Lewis: The science of booster shots is a moving target. President Biden announced plans in August that all Americans would be eligible for boosters. But at first, many experts pushed back and said they weren’t needed for most people. Then they said they were needed for older adults and people with underlying health conditions or work exposures that could put them at greater risk of developing severe COVID. And now the FDA has just approved Pfizer and Moderna boosters for anyone 18 and over who stays for at least six months after their second injection. Anyone who has had the Johnson & Johnson vaccine is entitled to a booster vaccination at least two months after being vaccinated. The CDC advisory panel will meet on Friday to discuss whether boosters should be recommended for all adults.
But some states and cities haven’t waited. California, Colorado, New Mexico, and New York City already have boosters open to any adult who wants one.
There is some evidence that vaccines may become less effective over time, and not just in the elderly. Data from Israel showed that the Pfizer vaccine was only 41% effective in preventing symptomatic diseases in July. A study in England found that the Pfizer vaccine was 70% effective after five months. And a study of veterans in the US found that from February to October, the vaccine’s effectiveness dropped to 58% for Moderna, 43% for Pfizer, and Johnson and Johnson were the lowest at just 13%. The vaccines still protect well against hospitalization and death, but that protection is beginning to decline in the elderly.
The good news is that boosters appear to be very effective at increasing immunity: a study in the UK of people over 50 and those with underlying illnesses found that the protection of those who received the Pfizer vaccine increased by about 63% 94% increase. and people who received the AstraZeneca vaccine saw an increase from 44% to 93%.
Although the original series of vaccines offered good protection against disease, boosters can extend it – and save you from long-term COVID. Even if you’re not older or at high risk, it’s probably a good idea to get a refresher, especially before the winter holidays, as more people congregate indoors.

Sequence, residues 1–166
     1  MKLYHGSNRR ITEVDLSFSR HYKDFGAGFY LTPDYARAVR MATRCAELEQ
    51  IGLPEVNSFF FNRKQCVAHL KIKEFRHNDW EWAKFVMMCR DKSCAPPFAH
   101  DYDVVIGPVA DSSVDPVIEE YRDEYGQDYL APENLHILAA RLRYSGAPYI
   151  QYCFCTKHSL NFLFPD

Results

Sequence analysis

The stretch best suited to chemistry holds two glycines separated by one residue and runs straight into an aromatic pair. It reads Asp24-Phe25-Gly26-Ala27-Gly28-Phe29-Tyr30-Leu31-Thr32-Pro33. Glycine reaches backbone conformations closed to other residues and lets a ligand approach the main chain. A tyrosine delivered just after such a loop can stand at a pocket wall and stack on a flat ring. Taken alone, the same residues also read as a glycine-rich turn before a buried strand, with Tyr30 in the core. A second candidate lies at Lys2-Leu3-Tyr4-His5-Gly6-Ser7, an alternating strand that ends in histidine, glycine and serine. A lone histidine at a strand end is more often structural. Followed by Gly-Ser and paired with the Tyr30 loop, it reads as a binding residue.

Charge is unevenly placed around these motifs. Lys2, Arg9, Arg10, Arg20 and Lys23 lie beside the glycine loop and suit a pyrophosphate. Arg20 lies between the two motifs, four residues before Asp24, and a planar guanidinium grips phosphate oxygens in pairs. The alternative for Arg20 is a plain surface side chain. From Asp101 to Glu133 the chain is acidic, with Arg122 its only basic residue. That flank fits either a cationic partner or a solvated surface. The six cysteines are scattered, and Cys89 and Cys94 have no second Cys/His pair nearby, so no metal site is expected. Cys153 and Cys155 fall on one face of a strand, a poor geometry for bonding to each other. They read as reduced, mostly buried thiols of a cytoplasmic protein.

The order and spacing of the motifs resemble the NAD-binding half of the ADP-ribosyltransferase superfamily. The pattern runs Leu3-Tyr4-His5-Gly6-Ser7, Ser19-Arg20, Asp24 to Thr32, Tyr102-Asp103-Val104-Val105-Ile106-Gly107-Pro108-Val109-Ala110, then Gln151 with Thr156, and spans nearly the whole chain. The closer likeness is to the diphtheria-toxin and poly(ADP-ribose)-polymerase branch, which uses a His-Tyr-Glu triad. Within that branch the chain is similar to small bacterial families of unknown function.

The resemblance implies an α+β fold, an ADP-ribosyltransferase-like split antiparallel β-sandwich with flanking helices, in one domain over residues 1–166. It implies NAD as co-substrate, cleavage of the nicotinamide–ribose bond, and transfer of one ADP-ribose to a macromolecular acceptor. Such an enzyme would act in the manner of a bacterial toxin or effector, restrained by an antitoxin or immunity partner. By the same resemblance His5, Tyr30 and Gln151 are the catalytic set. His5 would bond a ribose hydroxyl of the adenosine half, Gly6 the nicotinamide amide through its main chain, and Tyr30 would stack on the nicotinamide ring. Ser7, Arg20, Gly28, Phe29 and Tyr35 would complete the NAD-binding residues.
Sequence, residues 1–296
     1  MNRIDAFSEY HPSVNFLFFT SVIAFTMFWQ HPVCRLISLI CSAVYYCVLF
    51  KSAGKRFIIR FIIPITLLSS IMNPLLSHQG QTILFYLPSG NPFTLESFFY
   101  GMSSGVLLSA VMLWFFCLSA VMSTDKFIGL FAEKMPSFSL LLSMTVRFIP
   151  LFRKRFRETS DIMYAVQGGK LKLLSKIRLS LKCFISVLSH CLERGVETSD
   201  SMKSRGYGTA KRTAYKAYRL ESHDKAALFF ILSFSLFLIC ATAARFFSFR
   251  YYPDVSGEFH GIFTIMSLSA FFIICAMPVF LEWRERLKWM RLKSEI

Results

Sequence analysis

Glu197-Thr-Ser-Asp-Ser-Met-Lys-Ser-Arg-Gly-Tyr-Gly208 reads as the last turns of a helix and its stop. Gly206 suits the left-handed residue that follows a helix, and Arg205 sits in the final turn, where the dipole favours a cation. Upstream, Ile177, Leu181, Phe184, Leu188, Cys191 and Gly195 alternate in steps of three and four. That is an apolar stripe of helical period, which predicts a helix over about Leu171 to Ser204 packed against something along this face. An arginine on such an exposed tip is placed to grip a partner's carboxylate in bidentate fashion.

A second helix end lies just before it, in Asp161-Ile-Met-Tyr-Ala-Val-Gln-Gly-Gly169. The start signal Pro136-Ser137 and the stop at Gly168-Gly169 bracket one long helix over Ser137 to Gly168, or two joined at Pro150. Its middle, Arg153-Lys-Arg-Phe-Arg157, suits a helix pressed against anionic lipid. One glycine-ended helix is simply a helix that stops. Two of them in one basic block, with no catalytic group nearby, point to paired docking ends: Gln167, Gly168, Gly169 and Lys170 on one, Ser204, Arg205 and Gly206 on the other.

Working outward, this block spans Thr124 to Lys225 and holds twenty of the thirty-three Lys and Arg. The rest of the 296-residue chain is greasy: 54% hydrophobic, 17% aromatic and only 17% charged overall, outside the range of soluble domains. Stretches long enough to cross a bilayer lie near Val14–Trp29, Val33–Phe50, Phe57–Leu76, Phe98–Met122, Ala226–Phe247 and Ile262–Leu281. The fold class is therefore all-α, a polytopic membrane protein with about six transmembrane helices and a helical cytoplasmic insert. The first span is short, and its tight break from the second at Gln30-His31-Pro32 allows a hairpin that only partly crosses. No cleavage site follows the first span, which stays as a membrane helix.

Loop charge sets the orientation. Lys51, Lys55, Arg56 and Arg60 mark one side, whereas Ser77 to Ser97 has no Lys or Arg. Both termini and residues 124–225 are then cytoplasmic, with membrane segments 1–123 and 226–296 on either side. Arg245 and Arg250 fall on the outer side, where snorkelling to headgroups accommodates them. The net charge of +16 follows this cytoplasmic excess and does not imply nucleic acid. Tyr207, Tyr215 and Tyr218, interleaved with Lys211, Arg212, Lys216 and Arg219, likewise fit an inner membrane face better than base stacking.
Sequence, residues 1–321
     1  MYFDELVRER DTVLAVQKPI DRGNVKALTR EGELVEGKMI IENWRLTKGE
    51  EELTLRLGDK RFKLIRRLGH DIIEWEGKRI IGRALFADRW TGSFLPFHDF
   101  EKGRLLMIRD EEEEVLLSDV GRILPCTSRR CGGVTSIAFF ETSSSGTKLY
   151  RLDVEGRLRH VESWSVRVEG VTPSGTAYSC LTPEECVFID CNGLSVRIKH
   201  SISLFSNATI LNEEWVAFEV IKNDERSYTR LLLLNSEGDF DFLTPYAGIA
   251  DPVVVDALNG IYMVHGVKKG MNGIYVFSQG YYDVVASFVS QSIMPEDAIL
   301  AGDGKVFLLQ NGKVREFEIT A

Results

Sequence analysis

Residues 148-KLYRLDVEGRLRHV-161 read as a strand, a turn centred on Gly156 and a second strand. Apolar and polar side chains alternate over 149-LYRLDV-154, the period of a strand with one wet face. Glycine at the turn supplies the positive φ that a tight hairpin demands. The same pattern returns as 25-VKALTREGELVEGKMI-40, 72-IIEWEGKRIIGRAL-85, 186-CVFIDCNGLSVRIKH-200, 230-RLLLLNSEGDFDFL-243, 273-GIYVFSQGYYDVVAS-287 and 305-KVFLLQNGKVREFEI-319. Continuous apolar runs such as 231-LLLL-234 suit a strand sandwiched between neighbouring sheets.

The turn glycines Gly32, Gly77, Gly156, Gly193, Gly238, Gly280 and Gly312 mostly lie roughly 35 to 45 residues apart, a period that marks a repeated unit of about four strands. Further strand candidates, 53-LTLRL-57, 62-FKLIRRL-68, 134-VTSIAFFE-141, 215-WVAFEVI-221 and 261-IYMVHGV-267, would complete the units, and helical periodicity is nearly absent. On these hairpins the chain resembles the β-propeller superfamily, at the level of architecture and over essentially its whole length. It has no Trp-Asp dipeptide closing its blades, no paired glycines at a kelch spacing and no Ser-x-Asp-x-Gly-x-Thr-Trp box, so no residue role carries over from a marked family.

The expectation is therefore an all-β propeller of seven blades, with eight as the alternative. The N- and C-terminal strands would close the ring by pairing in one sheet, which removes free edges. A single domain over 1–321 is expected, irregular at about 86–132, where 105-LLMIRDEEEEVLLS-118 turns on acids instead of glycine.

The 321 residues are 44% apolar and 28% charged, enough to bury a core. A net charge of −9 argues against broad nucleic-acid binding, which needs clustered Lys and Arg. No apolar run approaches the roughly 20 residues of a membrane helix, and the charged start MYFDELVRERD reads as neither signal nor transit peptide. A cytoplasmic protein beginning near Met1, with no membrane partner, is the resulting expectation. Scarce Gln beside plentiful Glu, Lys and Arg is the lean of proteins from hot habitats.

Fish man: Does it matter which booster you get?
Lewis: That’s a good question. The FDA has said you can get a booster shot for any vaccine, regardless of what you originally received. Although all vaccines have been shown to increase antibody levels after vaccination, there are some differences.
The NIH conducted a study mixing different vaccines and booster vaccines and found that people who received the Moderna vaccine and Moderna booster had the highest levels of antibodies, followed by people who received Pfizer and a Moderna booster or Moderna and a Pfizer had boosters. In all cases, an mRNA booster was better than a Johnson & Johnson booster. Other studies have also shown a slight advantage for the Moderna shot over Pfizer. One possible explanation is that Moderna contains more than twice the amount of mRNA as the Pfizer vaccine.
But there’s a catch: the NIH study looked at a full-dose Moderna booster, while the currently approved Moderna booster is half a dose. So it’s possible that a Moderna booster is slightly better than a Pfizer vaccine, but any vaccine will likely give you strong protection against COVID. The best booster can just be what you can get.
Lewis: After all, the pandemic is not limited to humans. It has also affected some animals in zoos.
Fish man: Cats – the big ones in zoos – are not immune to COVID. Unfortunately, last week a children’s zoo in Lincoln, Nebraska reported that three snow leopards died from the disease about a month after they showed symptoms. Their names were Ranney, Everest, and Makalu. Two tigers who are also infected recover.
Outbreaks have also occurred in other zoos. Two lions and other big cats at the St. Louis Zoo tested positive earlier this month. Everyone is getting better.
How the cats got sick is a mystery, as Lincoln Zoo says the zookeepers were masked. Humans can transmit the virus to animals, says the CDC.
But if you have pets, relax. Pets don’t give the virus back to humans, two veterinary studies from this summer showed. And pets themselves usually have very mild symptoms.
In zoos, animals can get their own vaccine. Zoetis, a veterinary medicine company, has developed a shot with a modified coronavirus spike protein. Company data shows that it stimulates a good antibody response. So Zoetis has donated 11,000 cans to zoos across the United States
Lewis: Now you are up to date. Thanks for joining us.
Fish man: Come in two weeks for the next episode of COVID, Quickly! And on SciAm.com you will find current and detailed COVID news.
[The above text is a transcript of this podcast.]